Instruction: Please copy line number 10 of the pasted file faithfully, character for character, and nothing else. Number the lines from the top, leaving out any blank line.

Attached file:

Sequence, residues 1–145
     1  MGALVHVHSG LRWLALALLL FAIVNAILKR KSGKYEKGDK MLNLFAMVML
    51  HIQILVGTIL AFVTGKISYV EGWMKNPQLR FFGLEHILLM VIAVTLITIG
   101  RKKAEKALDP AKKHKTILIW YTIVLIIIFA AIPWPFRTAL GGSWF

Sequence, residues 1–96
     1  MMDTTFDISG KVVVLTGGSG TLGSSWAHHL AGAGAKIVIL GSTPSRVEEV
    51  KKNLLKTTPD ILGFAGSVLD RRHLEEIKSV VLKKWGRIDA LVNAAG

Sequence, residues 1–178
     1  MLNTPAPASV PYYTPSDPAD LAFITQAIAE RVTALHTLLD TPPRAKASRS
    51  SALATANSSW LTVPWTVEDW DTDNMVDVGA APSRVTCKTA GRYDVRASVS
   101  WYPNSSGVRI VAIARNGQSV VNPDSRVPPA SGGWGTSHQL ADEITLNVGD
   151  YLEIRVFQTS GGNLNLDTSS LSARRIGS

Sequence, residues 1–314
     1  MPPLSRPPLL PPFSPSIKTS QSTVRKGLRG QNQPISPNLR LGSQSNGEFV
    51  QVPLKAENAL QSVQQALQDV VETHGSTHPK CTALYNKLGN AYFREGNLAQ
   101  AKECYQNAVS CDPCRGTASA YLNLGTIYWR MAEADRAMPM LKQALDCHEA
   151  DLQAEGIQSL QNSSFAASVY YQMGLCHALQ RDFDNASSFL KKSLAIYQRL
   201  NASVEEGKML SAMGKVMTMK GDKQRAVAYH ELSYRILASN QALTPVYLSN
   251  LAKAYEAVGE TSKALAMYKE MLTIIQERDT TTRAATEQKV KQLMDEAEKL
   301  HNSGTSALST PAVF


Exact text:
    51  SALATANSSW LTVPWTVEDW DTDNMVDVGA APSRVTCKTA GRYDVRASVS